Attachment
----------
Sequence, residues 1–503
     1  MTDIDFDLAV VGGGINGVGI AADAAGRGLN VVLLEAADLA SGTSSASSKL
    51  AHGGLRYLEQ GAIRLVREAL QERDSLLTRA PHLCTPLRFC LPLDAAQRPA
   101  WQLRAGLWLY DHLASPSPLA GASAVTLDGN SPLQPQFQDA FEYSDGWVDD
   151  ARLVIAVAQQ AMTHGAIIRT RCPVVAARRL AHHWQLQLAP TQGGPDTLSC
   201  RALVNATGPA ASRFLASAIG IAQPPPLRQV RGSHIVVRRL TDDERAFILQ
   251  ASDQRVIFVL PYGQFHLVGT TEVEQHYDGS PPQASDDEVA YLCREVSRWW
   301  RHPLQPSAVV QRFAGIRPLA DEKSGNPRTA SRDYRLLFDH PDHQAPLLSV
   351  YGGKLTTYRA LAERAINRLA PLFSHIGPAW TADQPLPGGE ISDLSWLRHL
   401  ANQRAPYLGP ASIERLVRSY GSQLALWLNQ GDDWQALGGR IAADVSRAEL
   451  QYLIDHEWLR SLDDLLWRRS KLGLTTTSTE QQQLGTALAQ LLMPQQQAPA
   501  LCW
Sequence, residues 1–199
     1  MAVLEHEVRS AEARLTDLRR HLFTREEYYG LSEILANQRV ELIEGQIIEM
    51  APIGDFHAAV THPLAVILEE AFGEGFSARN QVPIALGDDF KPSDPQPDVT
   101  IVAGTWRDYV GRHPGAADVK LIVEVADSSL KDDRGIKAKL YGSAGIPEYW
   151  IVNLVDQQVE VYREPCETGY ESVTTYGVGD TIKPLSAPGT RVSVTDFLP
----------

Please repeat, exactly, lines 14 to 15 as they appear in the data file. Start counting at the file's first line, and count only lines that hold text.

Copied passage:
     1  MAVLEHEVRS AEARLTDLRR HLFTREEYYG LSEILANQRV ELIEGQIIEM
    51  APIGDFHAAV THPLAVILEE AFGEGFSARN QVPIALGDDF KPSDPQPDVT